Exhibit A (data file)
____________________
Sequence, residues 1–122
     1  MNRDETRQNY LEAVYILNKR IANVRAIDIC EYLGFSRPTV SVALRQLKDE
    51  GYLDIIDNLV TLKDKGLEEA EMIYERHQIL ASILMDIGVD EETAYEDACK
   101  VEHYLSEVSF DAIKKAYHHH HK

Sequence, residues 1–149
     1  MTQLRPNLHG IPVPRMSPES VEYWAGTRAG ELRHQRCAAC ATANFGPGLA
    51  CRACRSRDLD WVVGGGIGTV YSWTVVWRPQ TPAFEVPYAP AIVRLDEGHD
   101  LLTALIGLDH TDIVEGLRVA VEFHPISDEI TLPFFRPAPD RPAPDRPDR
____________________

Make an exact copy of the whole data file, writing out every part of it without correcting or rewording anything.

Sequence, residues 1–122
     1  MNRDETRQNY LEAVYILNKR IANVRAIDIC EYLGFSRPTV SVALRQLKDE
    51  GYLDIIDNLV TLKDKGLEEA EMIYERHQIL ASILMDIGVD EETAYEDACK
   101  VEHYLSEVSF DAIKKAYHHH HK

Sequence, residues 1–149
     1  MTQLRPNLHG IPVPRMSPES VEYWAGTRAG ELRHQRCAAC ATANFGPGLA
    51  CRACRSRDLD WVVGGGIGTV YSWTVVWRPQ TPAFEVPYAP AIVRLDEGHD
   101  LLTALIGLDH TDIVEGLRVA VEFHPISDEI TLPFFRPAPD RPAPDRPDR